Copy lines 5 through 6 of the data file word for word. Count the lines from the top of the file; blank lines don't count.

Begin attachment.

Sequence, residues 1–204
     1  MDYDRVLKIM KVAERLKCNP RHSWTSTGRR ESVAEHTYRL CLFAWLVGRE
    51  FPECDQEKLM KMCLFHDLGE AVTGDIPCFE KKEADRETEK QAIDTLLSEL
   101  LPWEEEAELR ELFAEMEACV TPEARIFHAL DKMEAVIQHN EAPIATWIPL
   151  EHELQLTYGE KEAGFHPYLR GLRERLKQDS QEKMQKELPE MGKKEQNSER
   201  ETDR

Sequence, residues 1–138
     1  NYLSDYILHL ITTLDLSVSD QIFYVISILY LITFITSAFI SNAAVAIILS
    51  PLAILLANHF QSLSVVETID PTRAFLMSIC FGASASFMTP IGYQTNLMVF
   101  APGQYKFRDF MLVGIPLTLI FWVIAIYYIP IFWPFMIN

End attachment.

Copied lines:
   151  EHELQLTYGE KEAGFHPYLR GLRERLKQDS QEKMQKELPE MGKKEQNSER
   201  ETDR